It’s not true that if there were the view ‘the world is eternal’ there would be the living of the spiritual life. It’s not true that if there were the view ‘the world is not eternal’ there would be the living of the spiritual life. When there is the view that the world is eternal or that the world is not eternal, there is rebirth, there is old age, there is death, and there is sorrow, lamentation, pain, sadness, and distress. And it is the defeat of these things in this very life that I advocate. It’s not true that if there were the view ‘the world is finite’ … ‘the world is infinite’ … ‘the soul and the body are the same thing’ … ‘the soul and the body are different things’ … ‘a Realized One exists after death’ … ‘a Realized One doesn’t exist after death’ … ‘a Realized One both exists and doesn’t exist after death’ … ‘a Realized One neither exists nor doesn’t exist after death’ there would be the living of the spiritual life. When there are any of these views there is rebirth, there is old age, there is death, and there is sorrow, lamentation, pain, sadness, and distress. And it is the defeat of these things in this very life that I advocate.
So, Māluṅkyaputta, you should remember what I have not declared as undeclared, and what I have declared as declared. And what have I not declared? I have not declared the following: ‘the world is eternal,’ ‘the world is not eternal,’ ‘the world is finite,’ ‘the world is infinite,’ ‘the soul and the body are the same thing,’ ‘the soul and the body are different things,’ ‘a Realized One exists after death,’ ‘a Realized One doesn’t exist after death,’ ‘a Realized One both exists and doesn’t exist after death,’ ‘a Realized One neither exists nor doesn’t exist after death.’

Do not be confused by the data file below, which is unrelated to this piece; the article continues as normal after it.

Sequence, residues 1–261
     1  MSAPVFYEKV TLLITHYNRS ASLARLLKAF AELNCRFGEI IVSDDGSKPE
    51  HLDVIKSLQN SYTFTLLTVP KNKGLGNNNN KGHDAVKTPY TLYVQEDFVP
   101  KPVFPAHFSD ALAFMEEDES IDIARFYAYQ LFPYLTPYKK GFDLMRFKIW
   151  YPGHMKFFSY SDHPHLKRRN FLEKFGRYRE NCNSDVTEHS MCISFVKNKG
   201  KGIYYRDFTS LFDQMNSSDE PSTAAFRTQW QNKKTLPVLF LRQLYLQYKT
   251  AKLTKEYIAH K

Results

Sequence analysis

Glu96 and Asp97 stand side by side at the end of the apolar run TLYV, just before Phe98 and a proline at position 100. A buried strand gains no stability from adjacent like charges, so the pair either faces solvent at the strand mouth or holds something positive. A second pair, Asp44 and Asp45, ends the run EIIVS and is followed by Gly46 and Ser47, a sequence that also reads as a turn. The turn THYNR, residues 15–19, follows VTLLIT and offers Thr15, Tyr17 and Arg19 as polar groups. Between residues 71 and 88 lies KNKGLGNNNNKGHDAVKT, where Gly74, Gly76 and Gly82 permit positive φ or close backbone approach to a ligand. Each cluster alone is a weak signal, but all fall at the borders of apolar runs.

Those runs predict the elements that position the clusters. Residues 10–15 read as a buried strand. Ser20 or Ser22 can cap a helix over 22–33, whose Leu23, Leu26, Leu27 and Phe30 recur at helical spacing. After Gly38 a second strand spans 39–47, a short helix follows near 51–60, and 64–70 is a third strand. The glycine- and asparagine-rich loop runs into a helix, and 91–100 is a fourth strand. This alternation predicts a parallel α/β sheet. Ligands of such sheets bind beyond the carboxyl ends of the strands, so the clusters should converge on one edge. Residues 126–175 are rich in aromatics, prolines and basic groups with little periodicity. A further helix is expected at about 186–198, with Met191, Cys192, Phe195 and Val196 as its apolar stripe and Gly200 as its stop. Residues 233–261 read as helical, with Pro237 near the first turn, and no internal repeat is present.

And why haven’t I declared these things? Because they aren’t beneficial or relevant to the fundamentals of the spiritual life. They don’t lead to disillusionment, dispassion, cessation, peace, insight, awakening, and extinguishment. That’s why I haven’t declared them.
And what have I declared? I have declared the following: ‘this is suffering,’ ‘this is the origin of suffering,’ ‘this is the cessation of suffering,’ ‘this is the practice that leads to the cessation of suffering.’
And why have I declared these things? Because they are beneficial and relevant to the fundamentals of the spiritual life. They lead to disillusionment, dispassion, cessation, peace, insight, awakening, and extinguishment. That’s why I have declared them. So, Māluṅkyaputta, you should remember what I have not declared as undeclared, and what I have declared as declared.”
That is what the Buddha said. Satisfied, Venerable Māluṅkyaputta was happy with what the Buddha said.

  - Translated by Bhikkhu Sujato, SuttaCentral

See also

Notes

  1. SuttaCentral icon square 170px.png The Shorter Discourse With Māluṅkya, SuttaCentral; click down-arrow to view "parallel texts"